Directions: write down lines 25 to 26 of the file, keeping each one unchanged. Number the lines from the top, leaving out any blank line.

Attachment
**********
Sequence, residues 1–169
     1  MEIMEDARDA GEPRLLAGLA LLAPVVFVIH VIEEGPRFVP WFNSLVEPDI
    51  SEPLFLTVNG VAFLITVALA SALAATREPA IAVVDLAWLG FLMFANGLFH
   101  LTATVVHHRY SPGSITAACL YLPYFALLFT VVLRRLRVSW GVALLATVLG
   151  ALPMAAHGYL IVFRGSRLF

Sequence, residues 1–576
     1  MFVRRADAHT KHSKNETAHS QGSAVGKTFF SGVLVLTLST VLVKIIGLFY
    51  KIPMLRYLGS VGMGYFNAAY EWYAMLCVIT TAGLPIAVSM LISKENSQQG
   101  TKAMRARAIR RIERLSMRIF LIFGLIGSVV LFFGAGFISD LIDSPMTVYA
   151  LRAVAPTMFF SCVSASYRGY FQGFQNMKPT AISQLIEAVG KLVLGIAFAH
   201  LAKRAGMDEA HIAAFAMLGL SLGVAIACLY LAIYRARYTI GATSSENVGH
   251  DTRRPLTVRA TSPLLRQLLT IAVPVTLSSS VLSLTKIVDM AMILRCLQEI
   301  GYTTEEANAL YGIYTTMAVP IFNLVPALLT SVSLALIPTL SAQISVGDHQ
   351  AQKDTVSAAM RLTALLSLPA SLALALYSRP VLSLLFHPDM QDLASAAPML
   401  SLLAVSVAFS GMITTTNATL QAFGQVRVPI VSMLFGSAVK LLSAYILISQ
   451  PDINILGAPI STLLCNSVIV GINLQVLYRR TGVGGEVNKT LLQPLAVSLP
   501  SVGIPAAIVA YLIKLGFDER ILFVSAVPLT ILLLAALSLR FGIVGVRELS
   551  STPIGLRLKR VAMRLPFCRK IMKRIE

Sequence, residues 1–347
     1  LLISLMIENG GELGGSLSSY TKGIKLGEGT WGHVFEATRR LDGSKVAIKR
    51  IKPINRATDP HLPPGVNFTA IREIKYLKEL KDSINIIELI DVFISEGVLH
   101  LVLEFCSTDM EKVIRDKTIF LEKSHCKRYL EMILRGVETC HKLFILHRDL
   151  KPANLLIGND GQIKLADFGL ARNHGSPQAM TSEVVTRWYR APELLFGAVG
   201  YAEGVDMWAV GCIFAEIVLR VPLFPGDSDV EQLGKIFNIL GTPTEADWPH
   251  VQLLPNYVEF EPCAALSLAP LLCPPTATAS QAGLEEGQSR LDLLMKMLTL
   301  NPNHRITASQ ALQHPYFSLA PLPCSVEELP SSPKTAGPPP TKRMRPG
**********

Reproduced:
   251  VQLLPNYVEF EPCAALSLAP LLCPPTATAS QAGLEEGQSR LDLLMKMLTL
   301  NPNHRITASQ ALQHPYFSLA PLPCSVEELP SSPKTAGPPP TKRMRPG